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Diaspora*

If you know Diaspora* already and just want to know how to become part of it, simply skip the first two sections.

Social Networking

Linking with other people on the net is great, particularly if you have friends in far away places or enjoy a more nomadic lifestyle yourself. And it’s cheap to stay in touch and communicate since Facebook® and alike are free, or …?

Wrong! Facebook® will soon operate more than 100’000 servers and someone has to pay for all this. The mere quantity of equipment indicates, that Facebook® not only serves it’s users. A lot of juice goes into further processing of all this data in order to pour it into products interesting to enterprise customers.

In other words, your data is being sold. Your pictures, your posts and your links to other people are being sold. In fact, your entire digital self is being sold. And all this is perfectly legal since you have given Facebook® a “non-exclusive, transferable, sub-licensable, royalty-free, worldwide license to use any IP content” by agreeing to it’s terms. There are no limits as to what for.

But Facebook® doesn’t stop there, it aggregates data on people who are not active on Facebook®, it even creates shadow profiles for those who don’t even have a proper account. And unless you disable the well hidden automatic face recognition, machines will take over where you are lazy and interlink all faces on your uploaded pictures.

Some of this activity is illegal in many countries since it deals with personal data of people who have never agreed to the Facebook® terms. There will be lawsuits in the future, but meanwhile the data monster will continue to grow fat.

Big Brother Inc is watching you! And me, whether we agree or not.

Social Networking Reloaded

Roughly one year ago a group of developers began work on a crowdfunded next generation social network project called Diaspora*. The main difference: Unlike Facebook® your data is not stored in one centralized database owned by one giant enterprise but on an independent Diaspora* server called “pod”. These Diaspora* pods can communicate between each other and thus link friends and exchange posts across all pods of the Diaspora* network. You are free to choose any pod operator or even run your own pod.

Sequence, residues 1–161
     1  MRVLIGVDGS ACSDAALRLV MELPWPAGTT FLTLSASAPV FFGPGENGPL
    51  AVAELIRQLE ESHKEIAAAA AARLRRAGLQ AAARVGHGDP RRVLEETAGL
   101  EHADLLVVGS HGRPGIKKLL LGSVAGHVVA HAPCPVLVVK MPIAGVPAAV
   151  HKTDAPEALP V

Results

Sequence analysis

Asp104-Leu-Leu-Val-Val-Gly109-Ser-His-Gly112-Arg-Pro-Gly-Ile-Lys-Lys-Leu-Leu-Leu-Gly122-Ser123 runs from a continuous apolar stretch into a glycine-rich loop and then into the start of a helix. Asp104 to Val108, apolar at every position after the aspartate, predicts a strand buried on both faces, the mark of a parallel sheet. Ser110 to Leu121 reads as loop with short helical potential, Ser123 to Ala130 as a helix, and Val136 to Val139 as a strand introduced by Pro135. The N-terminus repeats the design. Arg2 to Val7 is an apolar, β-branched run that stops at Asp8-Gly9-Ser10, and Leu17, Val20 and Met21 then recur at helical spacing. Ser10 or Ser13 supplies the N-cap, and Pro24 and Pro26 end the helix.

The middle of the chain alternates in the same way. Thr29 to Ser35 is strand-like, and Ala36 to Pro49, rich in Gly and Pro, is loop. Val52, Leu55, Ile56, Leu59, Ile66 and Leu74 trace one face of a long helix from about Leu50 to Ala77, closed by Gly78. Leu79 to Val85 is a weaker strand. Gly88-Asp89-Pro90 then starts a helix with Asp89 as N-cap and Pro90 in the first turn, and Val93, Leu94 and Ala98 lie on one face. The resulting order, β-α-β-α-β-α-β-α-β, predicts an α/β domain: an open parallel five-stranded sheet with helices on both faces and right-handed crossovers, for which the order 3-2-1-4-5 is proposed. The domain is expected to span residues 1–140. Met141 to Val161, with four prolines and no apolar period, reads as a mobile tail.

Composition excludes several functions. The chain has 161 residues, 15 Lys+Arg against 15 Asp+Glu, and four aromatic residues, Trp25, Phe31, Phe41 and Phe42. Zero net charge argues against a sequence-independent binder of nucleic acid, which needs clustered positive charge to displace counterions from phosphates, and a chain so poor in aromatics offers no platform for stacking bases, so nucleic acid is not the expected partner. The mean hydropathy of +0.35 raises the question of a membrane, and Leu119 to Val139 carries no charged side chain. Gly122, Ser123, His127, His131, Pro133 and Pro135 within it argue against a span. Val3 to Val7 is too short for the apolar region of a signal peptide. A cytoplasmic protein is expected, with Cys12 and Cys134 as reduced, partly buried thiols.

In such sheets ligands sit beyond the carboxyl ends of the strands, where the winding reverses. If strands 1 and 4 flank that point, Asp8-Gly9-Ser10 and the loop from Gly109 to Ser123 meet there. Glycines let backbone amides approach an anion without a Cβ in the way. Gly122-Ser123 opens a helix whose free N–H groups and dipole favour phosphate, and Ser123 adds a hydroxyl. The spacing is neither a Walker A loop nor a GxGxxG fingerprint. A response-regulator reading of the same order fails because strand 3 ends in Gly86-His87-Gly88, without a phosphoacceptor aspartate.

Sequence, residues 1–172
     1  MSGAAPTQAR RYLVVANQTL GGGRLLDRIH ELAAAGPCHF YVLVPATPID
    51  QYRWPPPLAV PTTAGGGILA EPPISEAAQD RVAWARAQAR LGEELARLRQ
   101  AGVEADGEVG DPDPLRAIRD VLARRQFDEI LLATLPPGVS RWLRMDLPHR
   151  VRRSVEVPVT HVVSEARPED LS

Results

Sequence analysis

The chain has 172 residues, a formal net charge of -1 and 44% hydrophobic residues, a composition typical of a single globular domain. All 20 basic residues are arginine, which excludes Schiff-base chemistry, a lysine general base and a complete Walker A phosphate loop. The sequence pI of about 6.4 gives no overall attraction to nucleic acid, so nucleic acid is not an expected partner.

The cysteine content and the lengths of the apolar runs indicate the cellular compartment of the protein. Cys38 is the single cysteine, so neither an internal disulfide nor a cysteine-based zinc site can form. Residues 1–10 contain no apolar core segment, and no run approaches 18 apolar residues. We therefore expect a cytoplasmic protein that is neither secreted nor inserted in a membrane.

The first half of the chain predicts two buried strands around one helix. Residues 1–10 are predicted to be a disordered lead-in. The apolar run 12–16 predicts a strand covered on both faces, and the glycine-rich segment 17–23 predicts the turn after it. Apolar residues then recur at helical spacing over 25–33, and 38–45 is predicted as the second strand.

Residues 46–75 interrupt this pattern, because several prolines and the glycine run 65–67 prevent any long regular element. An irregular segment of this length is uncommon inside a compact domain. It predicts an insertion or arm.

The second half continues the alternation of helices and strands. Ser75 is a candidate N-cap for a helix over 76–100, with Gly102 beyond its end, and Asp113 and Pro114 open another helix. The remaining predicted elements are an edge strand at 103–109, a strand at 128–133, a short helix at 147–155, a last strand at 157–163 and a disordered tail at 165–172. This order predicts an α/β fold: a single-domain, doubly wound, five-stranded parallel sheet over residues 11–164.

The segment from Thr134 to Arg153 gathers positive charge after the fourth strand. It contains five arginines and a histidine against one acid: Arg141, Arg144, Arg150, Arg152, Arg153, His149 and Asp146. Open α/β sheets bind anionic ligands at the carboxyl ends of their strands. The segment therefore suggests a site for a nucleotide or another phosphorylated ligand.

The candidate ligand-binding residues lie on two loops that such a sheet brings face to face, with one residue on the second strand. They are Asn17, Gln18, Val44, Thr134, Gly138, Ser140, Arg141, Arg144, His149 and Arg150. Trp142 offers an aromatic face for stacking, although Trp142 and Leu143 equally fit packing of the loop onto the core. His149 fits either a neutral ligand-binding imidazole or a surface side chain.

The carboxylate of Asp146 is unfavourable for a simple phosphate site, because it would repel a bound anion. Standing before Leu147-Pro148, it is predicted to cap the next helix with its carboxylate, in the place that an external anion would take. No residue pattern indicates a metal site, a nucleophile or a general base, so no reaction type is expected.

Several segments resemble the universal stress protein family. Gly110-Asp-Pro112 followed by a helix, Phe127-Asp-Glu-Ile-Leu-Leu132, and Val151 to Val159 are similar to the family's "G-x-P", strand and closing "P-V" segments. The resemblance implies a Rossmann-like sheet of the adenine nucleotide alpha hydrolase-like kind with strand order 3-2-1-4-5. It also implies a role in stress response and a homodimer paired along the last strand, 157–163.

If you ever change your mind, you can export all your data (which is utterly impossible on Facebook®). And soon it will be possible to take this export and recreate your profile on another pod.

How to Become Part of Diaspora*

or

But I Have All my Friends on Facebook® already

Diaspora* is still young and doesn’t offer nearly as many features as Facebook® yet. (As a side note: Diaspora* introduced ‘aspects’ later copied by Google+ as ‘circles’ and Facebook® as ‘lists’.) Furthermore, all your friends are on Facebook® which seems to make the change of social network unthinkable.

No problem, Diaspora* plays nice with other services such as Facebook® or Twitter®. If you want, it can forward all your posts on Diaspora* to Facebook® and it also offers a tool to ease the transition of your friend links. You won’t have to hit no big reset button and start from scratch, the idea is to convince one friend at a time and thus slowly move towards the day when Facebook® becomes obsolete.

If you run a server, you might consider to install your own Diaspora* pod.

Everybody else is better off with a public Diaspora* pod. All pods are equal, but you might prefer certain operators based on who runs the pod or it’s physical and thus legal location.

  1. Choose any public Diaspora* pod.
  2. Create an account.
  3. Link your account to your Facebook® account.
  4. Check out the tutorials and/or FAQ to learn the easy to use basics.

To connect with other people, sign in to Diaspora* and simply look for them in the top search field. However, keep the following in mind: Since users are spread on many independent Diaspora* pods, you have to search for the fully qualified username which resembles an email address. (Mine is svoop@diaspora.bitcetera.com for instance.) Fetching usernames from other pods may take a moment, so if your search doesn’t instantly yield any results, just wait a minute and try again.

(Sven Schwyn)

Comments

Matthias said on Wednesday, November 30, 2011:

As always, excellent and inspiring information! I will look into that Diaspora thing, sounds like an answer to my concerns regarding facebook, and google+.

Thanks Sven!

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